Authorities based in eastern Libya on Saturday threatened to blockade oil exports over the Tripoli government's use of energy revenue, accusing it of wasting billions of dollars without providing real services.
Libya has been locked in a political standoff since last year, when the parliament in eastern Libya rejected the interim Government of National Unity in Tripoli and designated a new administration that has been unable to take over in the capital.
The Government of National Stability, formed in March 2022, is led by Osama Hamada and supported by the House of Representatives and the Libyan National Army, but receives no international recognition.
“If necessary, the Libyan government will raise the red flag and prevent the flow of oil and gas and stop its export by turning to the judiciary and issuing an order declaring force majeure,” the government said.
“We might resort to the Libyan judiciary to appoint a judicial guard over reserved funds,” it added.
In a statement Saturday, the government also urged the United Nations Support Mission in Libya (UNSMIL), to “exercise its effective role without bias, and to reveal the public funds unfairly wasted.”
“We hoped that the mission’s briefing to the UN institution on the general situation in Libya, includes facts, without concealing or ignoring what is happening daily in the country,” the statement noted.
The government also accused the National Oil Corporation (NOC) of enabling the “interim” unity government of Abdul Hamid Dbeibeh, of illegally acquiring $16 billion.
Early this year, the Government of National Stability had announced the seizure of Libyan oil revenues for the year 2022 and beyond, which exceeds 130 billion dinars, to prevent corruption. But it clarified that the seizure measures will only affect salaries and public services.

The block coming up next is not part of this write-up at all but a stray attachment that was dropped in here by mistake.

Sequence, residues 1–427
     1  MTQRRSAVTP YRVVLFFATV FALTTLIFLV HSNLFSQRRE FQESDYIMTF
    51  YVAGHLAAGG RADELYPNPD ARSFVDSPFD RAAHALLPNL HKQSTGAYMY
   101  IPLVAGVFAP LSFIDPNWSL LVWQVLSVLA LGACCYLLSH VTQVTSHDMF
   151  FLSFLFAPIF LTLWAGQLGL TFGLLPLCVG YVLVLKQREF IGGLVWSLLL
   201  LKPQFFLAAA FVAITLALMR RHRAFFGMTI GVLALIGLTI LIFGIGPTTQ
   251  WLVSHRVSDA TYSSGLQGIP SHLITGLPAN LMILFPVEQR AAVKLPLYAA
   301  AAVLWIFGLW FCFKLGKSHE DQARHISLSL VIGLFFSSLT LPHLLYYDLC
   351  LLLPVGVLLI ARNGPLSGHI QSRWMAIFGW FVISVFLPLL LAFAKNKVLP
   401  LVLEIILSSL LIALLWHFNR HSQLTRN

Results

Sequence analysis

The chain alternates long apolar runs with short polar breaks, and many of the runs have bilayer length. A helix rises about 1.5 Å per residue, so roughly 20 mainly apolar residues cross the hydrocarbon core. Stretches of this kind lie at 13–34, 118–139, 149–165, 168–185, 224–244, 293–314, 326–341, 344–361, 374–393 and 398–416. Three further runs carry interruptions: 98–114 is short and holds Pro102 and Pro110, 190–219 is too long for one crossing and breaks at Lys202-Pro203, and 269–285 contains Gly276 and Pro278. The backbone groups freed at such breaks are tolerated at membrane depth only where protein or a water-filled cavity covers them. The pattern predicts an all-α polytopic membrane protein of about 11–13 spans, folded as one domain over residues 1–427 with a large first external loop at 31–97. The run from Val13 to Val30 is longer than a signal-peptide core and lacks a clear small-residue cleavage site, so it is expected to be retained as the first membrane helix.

Hamada had announced that his “stability” government would immediately appoint a judicial guard over these funds, to protect public money from systematic and continuous looting.
No official comment was issued by the Oil Corporation or the Dbeibeh government, while Parliament, which supports the parallel "stability" government, remained silent.
In July, Dbeibeh overthrew NOC director Mustafa Sanalla, who was appointed by the Undersecretary of the Oil Ministry of the former “National Salvation Government” of Fayez al-Sarraj in 2014.
Instead, he appointed Farhat Bengdara, as the newly chairman of Libya's National Oil Corporation.
Meanwhile, the Speaker of the House of Representatives, Aqila Saleh, held on Saturday a meeting in the city of al-Qubah with a delegation from the Bar Association to discuss the latest developments on the outputs of the 6+6 committee, jointly formed with the High Council of State to draft elections laws.
Separately, Italy’s news agency, Nova, said two patrol boats were delivered to Libya in a ceremony in the Sicilian city of Messina in the presence of European Commission officials, the Italian authorities, and the Tripoli-based coastguard.
The delivery is part of the EU executive project “Support to Integrated Border and Migration Management in Libya,” which “aims to strengthen the capacity of relevant Libyan authorities in the areas of border and migration management, including border control and surveillance in the Mediterranean Sea.